New scholarship on the artist's early work reveals an unexpected ancestry to his trademark abstractions
Clyfford Still manipulated his own history. He reacquired and destroyed early canvases, removed titles from his paintings, and, at the height of his fame, refused to allow exhibitions of his work. Control was even more rigorous after his death. His estate, consisting of 825 paintings and 1,575 works on paper—94 percent of his entire output—was sequestered from the time of his death, in 1980, until the opening of the Clyfford Still Museum in Denver last year. Now, hundreds of examples of Still’s art from the mid-1920s to the late 1970s are accessible at the museum, together with his comprehensive archive. Shadowy corners in his artistic evolution are being illuminated.
The museum’s inaugural exhibition in 2011 presented a survey of Still’s works from 1925 to the late 1970s; 50 new paintings and 20 new drawings were installed for a second exhibition this summer. This month, the museum released its first substantial catalogue of Still’s work, Clyfford Still: The Artist’s Museum, with commentary by Still scholar David Anfam, the museum’s adjunct curator.
Reviewing scores of previously unknown paintings, drawings, letters, and photographs, according to Anfam, has been “akin to unearthing an artistic time capsule from another century. . . . Overall, some sixty years of activity prevail here, without extraneous distractions, in a single site. In effect, the panoply also doubles as a life told in the round through the medium of art.”
Anfam and museum director Dean Sobel agree that the collection’s most significant revelation so far is the debt Still’s abstractions owe “to a temperament deeply versed in figurative habits,” as Anfam puts it. Unlike his colleagues Jackson Pollock, Mark Rothko, and Barnett Newman, Still developed a command of traditional drawing skills early in his career.
“I’ve long suspected a figurative substratum lurking in his abstractions,” Anfam observes, “and now I’m convinced. What we get with Still is a productive fusion of a draftsman with a good empirical eye for catching forms and outlines, but also a very, very powerful symbolic imagination. It’s the fusion—or, really, the collision—of these two qualities that seems to be responsible for so much of what is distinctive about his work.”
Still’s aptitude as a draftsman was overshadowed in part because he rarely displayed his representational drawings, and also because, by the mid-’40s, the representational forms in his early paintings were powerfully refigured in jagged flashes of pigment and textured surfaces. As art historian Richard Shiff points out, “figure” can refer to a representational image, but the concept also relates to metaphor, as in “a figure of speech.” To figure or refigure is to apprehend or make sense of something through something else, playing one kind of knowing against another. The Still Museum collection reveals, in effect, the trajectory of Still’s creative struggle to transform his “figurative habits” from the first to the second sense of the term.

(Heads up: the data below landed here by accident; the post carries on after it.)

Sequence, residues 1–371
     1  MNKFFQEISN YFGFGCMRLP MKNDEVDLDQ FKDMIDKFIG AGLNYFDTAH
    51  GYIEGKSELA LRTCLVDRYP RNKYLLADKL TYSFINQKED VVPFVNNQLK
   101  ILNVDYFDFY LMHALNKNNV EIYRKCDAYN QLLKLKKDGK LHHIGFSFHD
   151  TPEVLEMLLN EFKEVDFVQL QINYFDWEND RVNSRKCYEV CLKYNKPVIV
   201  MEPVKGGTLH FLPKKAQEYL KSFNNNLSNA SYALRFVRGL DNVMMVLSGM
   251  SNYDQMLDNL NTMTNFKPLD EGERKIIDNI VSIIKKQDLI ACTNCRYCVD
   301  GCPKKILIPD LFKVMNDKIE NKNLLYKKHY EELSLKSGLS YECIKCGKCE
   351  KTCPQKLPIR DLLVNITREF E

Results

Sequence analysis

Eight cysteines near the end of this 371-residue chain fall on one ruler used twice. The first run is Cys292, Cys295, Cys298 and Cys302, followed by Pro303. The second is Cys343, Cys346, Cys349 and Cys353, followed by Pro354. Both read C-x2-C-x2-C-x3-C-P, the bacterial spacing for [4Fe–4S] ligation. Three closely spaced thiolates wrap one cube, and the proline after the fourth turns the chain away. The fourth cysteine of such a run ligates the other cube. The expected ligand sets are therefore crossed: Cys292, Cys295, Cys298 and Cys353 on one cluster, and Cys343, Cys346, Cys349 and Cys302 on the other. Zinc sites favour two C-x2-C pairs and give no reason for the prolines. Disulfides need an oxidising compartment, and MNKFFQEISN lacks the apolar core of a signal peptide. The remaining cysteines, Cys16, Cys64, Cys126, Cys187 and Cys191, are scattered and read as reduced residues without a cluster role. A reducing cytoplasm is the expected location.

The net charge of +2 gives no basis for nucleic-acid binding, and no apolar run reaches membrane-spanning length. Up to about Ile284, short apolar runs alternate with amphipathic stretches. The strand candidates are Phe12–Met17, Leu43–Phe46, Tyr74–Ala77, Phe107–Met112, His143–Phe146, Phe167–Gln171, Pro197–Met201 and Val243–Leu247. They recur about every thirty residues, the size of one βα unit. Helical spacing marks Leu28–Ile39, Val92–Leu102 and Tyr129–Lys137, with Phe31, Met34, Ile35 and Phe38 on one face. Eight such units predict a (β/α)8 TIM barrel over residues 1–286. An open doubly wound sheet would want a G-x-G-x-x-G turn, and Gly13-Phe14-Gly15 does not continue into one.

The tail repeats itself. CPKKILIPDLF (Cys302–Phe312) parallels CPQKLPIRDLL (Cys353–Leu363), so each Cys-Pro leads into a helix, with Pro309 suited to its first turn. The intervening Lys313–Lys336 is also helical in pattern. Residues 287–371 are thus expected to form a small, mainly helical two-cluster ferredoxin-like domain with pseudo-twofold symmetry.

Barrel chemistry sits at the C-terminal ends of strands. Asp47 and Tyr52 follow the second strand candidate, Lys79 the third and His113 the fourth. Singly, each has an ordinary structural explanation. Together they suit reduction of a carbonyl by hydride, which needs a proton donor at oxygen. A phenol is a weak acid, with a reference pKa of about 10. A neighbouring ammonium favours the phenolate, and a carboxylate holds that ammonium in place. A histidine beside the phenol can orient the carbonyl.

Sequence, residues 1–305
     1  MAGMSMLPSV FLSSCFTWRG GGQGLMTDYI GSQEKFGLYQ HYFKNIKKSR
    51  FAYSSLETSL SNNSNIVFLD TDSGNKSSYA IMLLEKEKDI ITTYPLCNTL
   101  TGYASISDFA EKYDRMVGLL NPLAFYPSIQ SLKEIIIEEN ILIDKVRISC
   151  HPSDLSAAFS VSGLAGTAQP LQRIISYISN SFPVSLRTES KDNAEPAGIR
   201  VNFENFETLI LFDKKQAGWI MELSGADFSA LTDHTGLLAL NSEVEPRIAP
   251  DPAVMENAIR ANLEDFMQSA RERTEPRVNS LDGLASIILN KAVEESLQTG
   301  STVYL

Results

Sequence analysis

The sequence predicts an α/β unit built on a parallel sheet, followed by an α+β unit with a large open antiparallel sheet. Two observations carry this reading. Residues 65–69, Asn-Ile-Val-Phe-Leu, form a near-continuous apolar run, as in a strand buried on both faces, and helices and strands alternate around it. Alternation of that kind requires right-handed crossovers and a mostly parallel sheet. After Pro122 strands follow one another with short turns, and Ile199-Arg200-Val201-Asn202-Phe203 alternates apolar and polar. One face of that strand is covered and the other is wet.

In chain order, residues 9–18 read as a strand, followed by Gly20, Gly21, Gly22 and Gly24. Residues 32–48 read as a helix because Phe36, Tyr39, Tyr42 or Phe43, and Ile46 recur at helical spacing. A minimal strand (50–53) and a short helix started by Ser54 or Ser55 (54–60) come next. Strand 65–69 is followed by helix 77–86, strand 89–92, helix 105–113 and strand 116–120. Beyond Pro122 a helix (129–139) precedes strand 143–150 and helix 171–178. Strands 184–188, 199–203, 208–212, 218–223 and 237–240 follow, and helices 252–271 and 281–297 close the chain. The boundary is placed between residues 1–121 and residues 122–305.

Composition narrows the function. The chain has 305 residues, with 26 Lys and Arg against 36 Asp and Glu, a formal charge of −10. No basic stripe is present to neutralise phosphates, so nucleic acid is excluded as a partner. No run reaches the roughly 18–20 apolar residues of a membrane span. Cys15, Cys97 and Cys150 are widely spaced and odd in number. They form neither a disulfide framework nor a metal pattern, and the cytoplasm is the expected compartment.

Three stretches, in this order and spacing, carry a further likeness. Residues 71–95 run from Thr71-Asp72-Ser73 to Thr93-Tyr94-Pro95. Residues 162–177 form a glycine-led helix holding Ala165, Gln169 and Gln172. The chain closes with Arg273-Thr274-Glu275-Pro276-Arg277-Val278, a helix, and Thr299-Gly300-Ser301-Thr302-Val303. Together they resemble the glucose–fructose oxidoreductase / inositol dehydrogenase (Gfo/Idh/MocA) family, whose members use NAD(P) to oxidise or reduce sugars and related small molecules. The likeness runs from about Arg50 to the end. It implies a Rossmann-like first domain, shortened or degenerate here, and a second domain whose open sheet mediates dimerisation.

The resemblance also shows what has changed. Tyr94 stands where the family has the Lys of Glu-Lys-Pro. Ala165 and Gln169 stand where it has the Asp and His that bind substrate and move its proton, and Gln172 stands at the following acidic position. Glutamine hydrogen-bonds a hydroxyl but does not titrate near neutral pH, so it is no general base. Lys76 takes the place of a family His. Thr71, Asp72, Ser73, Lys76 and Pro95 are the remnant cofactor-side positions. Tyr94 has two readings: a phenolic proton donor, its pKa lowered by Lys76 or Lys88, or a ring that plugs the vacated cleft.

Anfam summarizes the result: Still’s early preoccupation with “arid earth, hot suns, bloody hands and benighted lives,” he says, “becomes transfigured in his final three-and-a-half decades into a visual poetry of drought and fire, luminosity and obscurity.”
Despite the wealth of new visual evidence, tracking the progression of Still’s artistic development often challenges even the experts. A case in point is the museum’s cache of previously unknown or little-known drawings related to Still’s tenure as an instructor at the Nespelem Art Colony, established on the Colville Indian Reservation in Washington in 1937 and active until 1941. According to historian J.J. Creighton, Still was a founder of the colony, together with Worth Griffin, his faculty colleague at Washington State College (now Western Washington University).
Still envisioned the colony as an outpost among the regionalist art centers set up in the mid-’30s to support “authentically American” art forms. Nespelem, Still wrote, “might form the nucleus of what could readily prove to be a vital, creative art movement in eastern Washington comparable to those developed in Kansas, Iowa, Texas, Oklahoma and many other places.”